But there are a few of us out there---who can't help but burst at the seems to share our story. The ARTIST and the body of work, that is to say, their creation---their art! The 2:00am woman with a cup of coffee and a dirty keyboard, the woman hanging off a trapeze by her hair, the jazz musician in Kansas City polishing his brass, the indie filmmaker making music videos just to get by and working on a feature storyboard at night, the comedian inside a theater box office waiting for their shift to end so they can run to open mic at Ice House, the brown girl in a circle of dancers doubting her skills because she studied folklore instead of ballet -- these beautiful creatures, these Artists. All coming to the world with their personal stories, with their different voices, with their SOLUTIONS. Everyone, valuable.
Some of us tread quietly, some of us stomp on the ground and scream out our names when we enter a room, some of us like to work in the background, some of us tattoo our passion on our foreheads, and some of us like to wear a mask. No matter what type of artist one identifies as, the one thing I love about Art and the art maker is that we (much like the Sphere) are always on the move. We're always wanting to find that human connection to "x" -- could be a person, could be nature, could be science, could be anything!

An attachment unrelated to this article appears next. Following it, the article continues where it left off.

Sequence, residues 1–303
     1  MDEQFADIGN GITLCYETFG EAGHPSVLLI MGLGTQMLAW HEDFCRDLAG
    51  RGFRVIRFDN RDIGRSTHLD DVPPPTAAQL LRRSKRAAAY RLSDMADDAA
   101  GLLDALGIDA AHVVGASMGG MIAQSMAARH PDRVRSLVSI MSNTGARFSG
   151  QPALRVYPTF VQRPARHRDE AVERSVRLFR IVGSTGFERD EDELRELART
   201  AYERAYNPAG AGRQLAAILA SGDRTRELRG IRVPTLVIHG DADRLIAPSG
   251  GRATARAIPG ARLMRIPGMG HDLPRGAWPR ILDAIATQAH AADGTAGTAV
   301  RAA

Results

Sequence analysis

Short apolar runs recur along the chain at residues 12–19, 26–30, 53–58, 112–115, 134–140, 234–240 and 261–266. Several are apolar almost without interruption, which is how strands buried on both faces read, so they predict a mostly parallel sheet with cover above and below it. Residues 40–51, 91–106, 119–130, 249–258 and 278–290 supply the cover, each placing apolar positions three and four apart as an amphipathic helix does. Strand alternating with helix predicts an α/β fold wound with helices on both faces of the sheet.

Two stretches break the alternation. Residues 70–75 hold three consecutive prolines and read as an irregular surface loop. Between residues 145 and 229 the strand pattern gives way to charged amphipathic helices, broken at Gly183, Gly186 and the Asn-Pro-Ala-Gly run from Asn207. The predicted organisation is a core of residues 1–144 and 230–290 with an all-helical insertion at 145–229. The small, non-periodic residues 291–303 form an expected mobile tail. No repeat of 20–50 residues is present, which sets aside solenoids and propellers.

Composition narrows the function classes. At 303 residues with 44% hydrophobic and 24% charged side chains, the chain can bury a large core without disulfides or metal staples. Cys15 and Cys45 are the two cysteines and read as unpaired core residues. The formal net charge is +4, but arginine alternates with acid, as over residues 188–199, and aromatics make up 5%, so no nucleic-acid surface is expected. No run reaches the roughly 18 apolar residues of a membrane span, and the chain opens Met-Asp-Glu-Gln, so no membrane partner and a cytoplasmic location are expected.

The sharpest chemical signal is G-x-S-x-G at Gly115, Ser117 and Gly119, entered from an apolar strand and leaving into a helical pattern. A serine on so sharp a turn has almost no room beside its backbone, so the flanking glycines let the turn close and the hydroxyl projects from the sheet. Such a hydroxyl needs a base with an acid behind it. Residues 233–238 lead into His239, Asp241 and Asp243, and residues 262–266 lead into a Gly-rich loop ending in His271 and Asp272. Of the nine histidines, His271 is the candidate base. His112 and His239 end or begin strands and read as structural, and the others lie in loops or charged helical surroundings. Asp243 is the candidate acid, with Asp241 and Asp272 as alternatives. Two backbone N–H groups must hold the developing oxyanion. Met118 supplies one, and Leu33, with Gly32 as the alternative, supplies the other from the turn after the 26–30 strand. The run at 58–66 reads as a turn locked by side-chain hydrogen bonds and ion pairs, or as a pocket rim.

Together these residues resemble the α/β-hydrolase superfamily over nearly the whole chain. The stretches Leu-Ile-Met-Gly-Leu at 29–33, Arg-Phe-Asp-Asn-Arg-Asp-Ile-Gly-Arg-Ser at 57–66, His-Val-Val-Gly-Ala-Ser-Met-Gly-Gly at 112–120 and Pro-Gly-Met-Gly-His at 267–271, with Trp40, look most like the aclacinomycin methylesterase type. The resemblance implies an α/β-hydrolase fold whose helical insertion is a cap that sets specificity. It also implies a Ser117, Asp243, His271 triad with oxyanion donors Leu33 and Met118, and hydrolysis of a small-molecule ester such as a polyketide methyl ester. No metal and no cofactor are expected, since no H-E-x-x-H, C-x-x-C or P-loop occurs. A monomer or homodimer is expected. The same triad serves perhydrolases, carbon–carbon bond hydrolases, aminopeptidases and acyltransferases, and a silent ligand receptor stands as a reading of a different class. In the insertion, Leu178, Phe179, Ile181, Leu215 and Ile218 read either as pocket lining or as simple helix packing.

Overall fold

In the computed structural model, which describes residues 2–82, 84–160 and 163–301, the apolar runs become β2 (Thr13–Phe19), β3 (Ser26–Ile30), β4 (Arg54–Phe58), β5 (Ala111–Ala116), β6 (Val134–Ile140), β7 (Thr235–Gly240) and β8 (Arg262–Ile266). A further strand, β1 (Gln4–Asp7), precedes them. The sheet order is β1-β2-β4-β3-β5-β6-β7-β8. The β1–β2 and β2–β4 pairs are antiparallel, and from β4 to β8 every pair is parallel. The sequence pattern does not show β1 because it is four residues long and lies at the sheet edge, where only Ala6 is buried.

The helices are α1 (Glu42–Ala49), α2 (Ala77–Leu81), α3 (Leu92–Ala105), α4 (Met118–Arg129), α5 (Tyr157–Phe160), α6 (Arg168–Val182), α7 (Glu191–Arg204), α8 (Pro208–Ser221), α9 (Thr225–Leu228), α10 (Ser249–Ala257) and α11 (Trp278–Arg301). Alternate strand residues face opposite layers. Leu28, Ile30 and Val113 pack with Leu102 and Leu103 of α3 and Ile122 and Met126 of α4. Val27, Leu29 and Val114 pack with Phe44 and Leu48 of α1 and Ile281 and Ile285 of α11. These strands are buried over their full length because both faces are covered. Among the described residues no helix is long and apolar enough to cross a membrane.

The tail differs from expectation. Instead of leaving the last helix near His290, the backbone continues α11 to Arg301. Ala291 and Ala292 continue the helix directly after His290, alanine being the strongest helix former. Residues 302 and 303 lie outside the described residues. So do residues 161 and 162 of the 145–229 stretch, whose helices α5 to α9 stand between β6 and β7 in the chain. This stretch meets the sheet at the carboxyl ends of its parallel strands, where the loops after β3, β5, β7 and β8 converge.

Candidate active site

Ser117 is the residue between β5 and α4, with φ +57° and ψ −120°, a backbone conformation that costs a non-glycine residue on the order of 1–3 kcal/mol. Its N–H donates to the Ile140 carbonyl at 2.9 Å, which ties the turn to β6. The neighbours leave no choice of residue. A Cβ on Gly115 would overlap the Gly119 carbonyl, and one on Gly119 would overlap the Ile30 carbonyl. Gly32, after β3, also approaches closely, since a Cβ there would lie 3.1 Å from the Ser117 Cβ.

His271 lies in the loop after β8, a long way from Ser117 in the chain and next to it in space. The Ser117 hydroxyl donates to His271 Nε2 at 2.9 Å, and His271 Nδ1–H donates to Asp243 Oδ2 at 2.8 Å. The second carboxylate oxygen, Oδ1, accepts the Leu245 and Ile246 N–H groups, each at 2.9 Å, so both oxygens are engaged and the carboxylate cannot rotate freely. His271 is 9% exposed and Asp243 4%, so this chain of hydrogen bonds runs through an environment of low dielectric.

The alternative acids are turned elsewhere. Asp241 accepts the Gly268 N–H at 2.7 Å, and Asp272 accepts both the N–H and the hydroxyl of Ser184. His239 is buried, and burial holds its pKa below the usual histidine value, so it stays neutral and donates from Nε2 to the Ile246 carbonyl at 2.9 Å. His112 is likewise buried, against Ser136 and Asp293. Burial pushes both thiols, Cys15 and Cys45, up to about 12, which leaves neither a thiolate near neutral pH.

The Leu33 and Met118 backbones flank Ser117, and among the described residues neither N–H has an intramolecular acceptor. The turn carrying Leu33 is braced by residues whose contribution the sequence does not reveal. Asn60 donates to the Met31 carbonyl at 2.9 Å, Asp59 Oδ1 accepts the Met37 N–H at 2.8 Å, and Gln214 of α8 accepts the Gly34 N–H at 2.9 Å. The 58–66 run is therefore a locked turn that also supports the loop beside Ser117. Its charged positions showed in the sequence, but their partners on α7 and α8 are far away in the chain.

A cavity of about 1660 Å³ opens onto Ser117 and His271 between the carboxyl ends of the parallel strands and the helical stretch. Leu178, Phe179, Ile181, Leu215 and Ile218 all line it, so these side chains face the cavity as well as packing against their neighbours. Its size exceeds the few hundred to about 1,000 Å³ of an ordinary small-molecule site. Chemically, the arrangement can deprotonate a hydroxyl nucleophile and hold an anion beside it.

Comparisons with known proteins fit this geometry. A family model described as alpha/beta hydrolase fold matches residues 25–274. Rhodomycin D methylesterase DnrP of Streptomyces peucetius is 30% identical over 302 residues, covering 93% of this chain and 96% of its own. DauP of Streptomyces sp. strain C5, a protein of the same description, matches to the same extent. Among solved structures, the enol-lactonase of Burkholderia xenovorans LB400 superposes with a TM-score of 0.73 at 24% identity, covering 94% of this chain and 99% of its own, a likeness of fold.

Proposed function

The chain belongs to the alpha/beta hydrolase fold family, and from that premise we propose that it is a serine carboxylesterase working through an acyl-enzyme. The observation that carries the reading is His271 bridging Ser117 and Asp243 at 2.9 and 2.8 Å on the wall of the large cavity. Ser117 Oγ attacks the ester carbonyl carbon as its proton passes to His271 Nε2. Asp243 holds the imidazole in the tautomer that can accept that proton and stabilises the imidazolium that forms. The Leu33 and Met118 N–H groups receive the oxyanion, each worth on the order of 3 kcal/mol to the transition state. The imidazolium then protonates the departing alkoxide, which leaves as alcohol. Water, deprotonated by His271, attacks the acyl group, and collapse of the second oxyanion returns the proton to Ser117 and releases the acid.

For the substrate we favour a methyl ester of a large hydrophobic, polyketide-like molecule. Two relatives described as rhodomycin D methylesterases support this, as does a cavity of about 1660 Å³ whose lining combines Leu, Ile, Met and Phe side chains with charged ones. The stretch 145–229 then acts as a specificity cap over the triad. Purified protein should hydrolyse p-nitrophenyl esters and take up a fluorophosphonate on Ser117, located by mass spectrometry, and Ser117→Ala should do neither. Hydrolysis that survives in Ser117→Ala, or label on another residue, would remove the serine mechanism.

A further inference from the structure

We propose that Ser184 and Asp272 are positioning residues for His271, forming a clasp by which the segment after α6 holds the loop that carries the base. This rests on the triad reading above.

As of today, for me, the purpose of art is to connect with a human being; through social change and through storytelling. This workshop was a reminder of that. We are all connected; might as well help each other. Positive change for all! Especially the hungry artists trying to splash a little color in communities that seem to find themselves in constant adversity. In Lak'ech. You are the other me; in order to love myself I must love you...
Yeah, that sounds about right.